Dogon Country – Mali

Dogon Country in Mali is a nice place to explore if you happen to be in West Africa. It has lots of interesting sights and even more interesting culture.

Dogon Country is mostly flocked by visiting tourists all throughout the year because it is a community of people who have managed to retain their culture and traditional lifestyle sans the modernization of the world. It is definitely a must-see if you are out to explore the world and the different cultures that thrive in it.

The Dogon people, for example, are known for their mask dances, their wooden sculptures, their animist beliefs, and their architecture among others.

Location and How to Get There

A trip to Dogon country means a hike up the rocky trail. It is located at the eastern part of Mali, to the Burkina Faso border. It is near the Bandiagra Highlands, the Niger River, and the Seno-Gondo Plains.

From the airport, you have to take a bush taxi to get to the Dogon villages. To get around the villages, you may need to ride taxis, cow cart, and go on a hike.

What to See There

There are different Dogon villages. Each has a different sight to behold. There’s Sangha, where Dogon woodcarvings can be found. Then there’s Neni, where masked ceremonies are held. The Youga villages are challenging climbs altogether. But since they are rich in architectural and Dogon traditions, they are all worth the effort. Next

up, there are the Kondou villages, which is quite a rocky hill climb. It is in these villages where you will see granaries made of mud.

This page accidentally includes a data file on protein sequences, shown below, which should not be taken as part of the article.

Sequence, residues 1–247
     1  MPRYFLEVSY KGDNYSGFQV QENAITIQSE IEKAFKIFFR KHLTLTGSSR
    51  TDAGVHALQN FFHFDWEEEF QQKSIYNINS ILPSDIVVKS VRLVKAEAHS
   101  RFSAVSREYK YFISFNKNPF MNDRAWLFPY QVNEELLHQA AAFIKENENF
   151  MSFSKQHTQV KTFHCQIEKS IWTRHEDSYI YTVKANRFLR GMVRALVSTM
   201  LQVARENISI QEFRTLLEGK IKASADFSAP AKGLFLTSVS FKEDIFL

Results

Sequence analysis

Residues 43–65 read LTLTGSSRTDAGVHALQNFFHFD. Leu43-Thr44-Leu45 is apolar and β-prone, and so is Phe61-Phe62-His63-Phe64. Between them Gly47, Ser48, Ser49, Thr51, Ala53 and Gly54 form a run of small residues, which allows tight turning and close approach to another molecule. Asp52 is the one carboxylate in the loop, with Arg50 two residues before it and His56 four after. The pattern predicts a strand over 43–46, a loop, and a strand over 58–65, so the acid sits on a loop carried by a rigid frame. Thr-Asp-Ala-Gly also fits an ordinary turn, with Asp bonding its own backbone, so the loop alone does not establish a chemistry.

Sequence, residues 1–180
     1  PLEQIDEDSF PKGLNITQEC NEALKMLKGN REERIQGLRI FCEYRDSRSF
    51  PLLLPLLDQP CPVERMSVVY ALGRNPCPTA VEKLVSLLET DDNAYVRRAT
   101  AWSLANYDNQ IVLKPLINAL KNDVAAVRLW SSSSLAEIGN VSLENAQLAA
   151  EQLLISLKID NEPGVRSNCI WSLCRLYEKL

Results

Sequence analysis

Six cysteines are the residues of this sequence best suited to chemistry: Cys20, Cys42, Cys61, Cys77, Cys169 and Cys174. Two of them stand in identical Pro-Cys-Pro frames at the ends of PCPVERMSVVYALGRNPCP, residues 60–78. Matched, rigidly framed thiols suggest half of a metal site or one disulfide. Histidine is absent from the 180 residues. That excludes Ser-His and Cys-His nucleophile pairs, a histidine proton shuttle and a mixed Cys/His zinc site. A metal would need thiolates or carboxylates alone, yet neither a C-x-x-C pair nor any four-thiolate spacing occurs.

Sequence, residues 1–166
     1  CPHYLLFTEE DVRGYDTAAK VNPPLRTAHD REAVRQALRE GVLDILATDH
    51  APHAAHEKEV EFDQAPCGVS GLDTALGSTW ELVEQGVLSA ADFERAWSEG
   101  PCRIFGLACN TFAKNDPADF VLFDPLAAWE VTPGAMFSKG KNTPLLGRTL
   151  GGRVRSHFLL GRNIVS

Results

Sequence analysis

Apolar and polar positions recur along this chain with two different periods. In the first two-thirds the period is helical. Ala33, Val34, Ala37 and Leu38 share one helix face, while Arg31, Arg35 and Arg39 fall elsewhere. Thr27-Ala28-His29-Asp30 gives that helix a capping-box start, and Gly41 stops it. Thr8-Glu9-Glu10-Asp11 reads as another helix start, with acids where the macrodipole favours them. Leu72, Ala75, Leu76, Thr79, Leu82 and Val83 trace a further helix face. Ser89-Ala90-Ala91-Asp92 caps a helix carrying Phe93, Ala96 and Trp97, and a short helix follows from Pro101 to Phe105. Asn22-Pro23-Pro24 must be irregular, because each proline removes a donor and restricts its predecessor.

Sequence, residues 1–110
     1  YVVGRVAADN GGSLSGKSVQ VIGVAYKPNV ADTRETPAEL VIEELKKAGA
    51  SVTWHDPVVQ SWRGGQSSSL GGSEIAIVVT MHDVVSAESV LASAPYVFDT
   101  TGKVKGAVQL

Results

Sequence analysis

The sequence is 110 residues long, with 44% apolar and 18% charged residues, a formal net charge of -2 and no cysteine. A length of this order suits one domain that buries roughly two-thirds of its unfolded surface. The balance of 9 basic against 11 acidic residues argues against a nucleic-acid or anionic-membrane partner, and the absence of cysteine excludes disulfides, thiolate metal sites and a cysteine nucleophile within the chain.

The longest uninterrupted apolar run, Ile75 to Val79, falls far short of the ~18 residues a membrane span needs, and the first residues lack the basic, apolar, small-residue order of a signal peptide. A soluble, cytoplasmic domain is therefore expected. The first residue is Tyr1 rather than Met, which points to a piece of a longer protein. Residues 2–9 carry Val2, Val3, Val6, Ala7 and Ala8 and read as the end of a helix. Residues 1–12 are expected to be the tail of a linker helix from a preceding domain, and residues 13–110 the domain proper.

Aside from villages, there are also notable buildings that can be found in Dogon Country. There’s the House for Menstruating Women, which was constructed by women and is considered of lower quality than the other buildings. This is where women having their periods (they are considered unclean while they are menstruating and thus, should live away from the family home) stay for five consecutive days. There’s also Togu Na, a building that’s exclusively for men. They rest, discuss their affairs, and make important decisions here.


The Dogon people were placed in the Bandiagara Escarpment as a consequence of the ethnic group’s refusal to convert to Islamic beliefs about a thousand years ago. There are many oral histories regarding the origin of the Dogon people. What is clear though, among historians, is that the Dogon people came from different groups of diverse origins who came together by one goal: to escape Islamization.


Since the Dogon country has become one of West Africa’s more important tourist attractions, the cost of traveling to this isolated area is quite expensive. Goods are also priced high so if you intend to bring home a few items that will best explain your experience with the culture, you better be ready to spend a couple of hundreds of dollars.